The beginning of a property recovery?
On 13 May 2020, the UK government altered its lock-down guidance by allowing property transactions to once again continue.
Despite the process of moving house never being explicitly forbidden, social distancing requirements and the economic shock of COVID-19 meant that property professionals and businesses (conveyancers, developers, estate agents) were caught on the back foot.
Many were simply not prepared, and with the majority of buyers and sellers temporarily retreating from the market, the volume of completed property transactions fell.
This was especially frustrating given that, at the beginning of the year, UK property was entering into a period of sustained house price growth.
The Boris Bounce seemingly put an end to much of the uncertainty concerning Brexit, resulting in domestic and international investors flocking to the UK real estate market.
With the number of COVID-19 cases dropping dramatically, social distancing measures are slowly being relaxed. For those of us in real estate, the question now is determining when things are likely to return to normal.
Importantly, as we begin the process of exiting lock-down, there are subtle signs that a property recovery may already be in the works.
Signs of renewed growth
At the beginning of this public health crisis, various property specialists and lending groups presented their own predictions of how UK property would be affected.
The specifics of how much these groups thought house prices would fall varied greatly, but the majority forecasted a drop of approximately 7%, which was in line with Knight Frank’s own predictions for 2020.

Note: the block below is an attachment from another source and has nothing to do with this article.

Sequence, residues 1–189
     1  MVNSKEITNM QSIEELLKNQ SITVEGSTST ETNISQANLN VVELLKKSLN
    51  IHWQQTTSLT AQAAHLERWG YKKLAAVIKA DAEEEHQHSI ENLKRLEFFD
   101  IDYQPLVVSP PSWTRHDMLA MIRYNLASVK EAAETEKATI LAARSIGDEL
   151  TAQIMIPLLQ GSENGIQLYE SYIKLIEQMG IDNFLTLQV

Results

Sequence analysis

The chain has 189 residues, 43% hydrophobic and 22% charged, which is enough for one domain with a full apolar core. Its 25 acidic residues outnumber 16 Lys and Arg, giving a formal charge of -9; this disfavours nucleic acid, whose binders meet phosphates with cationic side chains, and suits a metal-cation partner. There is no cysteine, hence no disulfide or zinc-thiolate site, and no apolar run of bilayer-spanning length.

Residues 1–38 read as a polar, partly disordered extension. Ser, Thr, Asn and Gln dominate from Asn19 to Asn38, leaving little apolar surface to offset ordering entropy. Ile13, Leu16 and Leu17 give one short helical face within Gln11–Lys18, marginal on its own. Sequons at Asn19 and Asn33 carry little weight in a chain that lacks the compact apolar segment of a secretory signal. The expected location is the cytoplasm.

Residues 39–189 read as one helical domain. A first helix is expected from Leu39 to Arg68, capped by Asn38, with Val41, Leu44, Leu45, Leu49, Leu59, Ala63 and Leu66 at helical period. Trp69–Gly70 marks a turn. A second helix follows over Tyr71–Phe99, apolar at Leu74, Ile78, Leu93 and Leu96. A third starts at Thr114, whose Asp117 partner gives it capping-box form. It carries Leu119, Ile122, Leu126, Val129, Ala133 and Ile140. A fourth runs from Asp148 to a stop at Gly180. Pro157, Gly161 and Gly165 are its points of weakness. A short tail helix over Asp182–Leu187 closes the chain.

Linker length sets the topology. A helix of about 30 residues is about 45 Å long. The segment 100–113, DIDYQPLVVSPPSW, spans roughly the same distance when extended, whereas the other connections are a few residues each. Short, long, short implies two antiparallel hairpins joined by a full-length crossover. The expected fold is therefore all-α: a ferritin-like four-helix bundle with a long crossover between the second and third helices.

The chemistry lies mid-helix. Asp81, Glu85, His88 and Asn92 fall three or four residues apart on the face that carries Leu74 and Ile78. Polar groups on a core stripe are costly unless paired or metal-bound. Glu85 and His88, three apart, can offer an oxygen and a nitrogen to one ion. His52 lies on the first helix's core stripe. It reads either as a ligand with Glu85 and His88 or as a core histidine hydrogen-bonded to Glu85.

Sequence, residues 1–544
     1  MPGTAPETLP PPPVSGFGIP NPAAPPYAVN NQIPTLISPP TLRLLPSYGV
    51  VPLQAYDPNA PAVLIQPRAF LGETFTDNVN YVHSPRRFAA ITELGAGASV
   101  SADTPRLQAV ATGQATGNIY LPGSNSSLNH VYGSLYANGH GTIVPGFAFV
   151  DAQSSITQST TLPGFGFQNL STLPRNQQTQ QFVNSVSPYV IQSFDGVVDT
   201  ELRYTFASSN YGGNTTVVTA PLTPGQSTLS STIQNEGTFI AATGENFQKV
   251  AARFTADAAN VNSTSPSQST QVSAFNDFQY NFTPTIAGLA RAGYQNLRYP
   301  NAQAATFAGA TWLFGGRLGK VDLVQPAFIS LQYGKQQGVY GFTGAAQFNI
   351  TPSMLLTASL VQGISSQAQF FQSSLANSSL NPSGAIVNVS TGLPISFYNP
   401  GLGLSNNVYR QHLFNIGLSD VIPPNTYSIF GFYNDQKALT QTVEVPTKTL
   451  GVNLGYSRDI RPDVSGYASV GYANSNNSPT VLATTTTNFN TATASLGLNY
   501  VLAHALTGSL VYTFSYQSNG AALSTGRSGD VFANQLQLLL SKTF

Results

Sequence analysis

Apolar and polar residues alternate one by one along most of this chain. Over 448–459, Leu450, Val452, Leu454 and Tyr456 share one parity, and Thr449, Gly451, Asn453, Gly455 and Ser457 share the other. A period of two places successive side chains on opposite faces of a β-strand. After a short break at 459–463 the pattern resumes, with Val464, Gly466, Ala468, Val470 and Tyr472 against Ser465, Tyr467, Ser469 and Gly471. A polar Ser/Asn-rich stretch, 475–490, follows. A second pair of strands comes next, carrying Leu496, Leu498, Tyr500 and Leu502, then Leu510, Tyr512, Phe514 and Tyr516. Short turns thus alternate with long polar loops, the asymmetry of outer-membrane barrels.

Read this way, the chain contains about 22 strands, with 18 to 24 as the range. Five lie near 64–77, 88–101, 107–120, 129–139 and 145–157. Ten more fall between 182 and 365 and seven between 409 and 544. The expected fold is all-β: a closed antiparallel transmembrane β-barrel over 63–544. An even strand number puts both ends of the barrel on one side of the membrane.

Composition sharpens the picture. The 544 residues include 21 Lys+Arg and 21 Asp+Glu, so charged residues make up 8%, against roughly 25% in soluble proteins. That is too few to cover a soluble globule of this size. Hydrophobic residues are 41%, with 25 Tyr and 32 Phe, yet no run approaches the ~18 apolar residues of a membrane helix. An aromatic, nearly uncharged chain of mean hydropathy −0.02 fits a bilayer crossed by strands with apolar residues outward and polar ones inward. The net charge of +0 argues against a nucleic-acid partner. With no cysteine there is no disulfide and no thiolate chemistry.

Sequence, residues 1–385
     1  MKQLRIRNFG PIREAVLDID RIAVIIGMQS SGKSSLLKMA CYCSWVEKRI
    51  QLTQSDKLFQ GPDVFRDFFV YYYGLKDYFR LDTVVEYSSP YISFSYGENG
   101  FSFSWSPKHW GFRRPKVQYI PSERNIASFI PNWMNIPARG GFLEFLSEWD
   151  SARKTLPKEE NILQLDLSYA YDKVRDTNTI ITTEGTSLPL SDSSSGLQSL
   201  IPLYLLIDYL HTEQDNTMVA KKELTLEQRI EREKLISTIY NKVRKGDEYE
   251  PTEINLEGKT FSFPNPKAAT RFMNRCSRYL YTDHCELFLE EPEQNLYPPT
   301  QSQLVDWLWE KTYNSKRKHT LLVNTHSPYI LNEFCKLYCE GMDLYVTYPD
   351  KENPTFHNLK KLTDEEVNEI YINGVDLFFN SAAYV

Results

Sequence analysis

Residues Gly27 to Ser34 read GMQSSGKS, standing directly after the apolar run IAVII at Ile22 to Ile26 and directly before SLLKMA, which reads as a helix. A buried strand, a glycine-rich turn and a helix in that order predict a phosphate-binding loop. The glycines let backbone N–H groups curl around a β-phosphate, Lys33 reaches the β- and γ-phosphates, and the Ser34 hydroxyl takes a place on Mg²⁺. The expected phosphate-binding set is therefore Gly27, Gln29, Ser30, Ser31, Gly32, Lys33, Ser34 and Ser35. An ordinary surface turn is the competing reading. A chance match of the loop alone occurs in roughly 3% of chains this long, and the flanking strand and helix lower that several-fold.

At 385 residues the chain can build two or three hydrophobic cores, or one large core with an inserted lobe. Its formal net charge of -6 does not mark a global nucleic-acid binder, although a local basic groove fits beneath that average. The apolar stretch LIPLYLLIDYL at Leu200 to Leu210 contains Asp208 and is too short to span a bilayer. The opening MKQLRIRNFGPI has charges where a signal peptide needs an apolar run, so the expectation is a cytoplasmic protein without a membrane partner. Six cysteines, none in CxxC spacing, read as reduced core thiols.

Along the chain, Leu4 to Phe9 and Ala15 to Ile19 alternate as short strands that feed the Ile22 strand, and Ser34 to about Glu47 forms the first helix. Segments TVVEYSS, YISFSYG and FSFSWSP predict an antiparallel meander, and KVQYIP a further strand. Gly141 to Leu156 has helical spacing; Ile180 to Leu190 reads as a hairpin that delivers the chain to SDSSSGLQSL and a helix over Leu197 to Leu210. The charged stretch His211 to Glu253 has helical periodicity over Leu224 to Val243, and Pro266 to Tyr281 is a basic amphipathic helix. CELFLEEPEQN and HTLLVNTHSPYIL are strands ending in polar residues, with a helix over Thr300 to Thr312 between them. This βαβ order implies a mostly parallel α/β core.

However, property prices have not actually experienced the drop many feared, yet. In fact, last week Halifax released their monthly House Price Index (HPI) which showed that the rate in which property prices were falling was already slowing down.
If the more pessimistic predictions, such as Deutsche Bank’s forecast of a 20% downturn, were true it’s unlikely that we would be seeing only modest month-on-month falls of 0.2%, as this HPI shows.
In the short-term, it is natural to assume a drop in house price growth as a result of social distancing measures. However, this is not a cause for concern.
House prices are not dropping because demand is not there—they are dropping because buyers are waiting for the opportune moment to make their return. It might be that a recovery begins even sooner and increased activity in the property industry facilitates a quick return to the levels of growth we saw in January.
In the long-term, however, I am more confident in my optimism. Property experts Savills made a seemingly controversial choice when they announced they weren’t changing their 2019 five-year forecast.
This forecast anticipates house prices to increase by 15% by 2024 despite the challenges posed by the corona virus pandemic.
Of course, all of this comes with the caveat that we don’t know exactly how this pandemic will ultimately play out. A virus mutation, second spike or revolutionary vaccine could alter the course of recovery for better or for worse but, as it currently stands, the short-term dip seems to be playing out in a relatively mild manner and the long-term prospects for UK property remain strong.
Article by Alpa Bhakta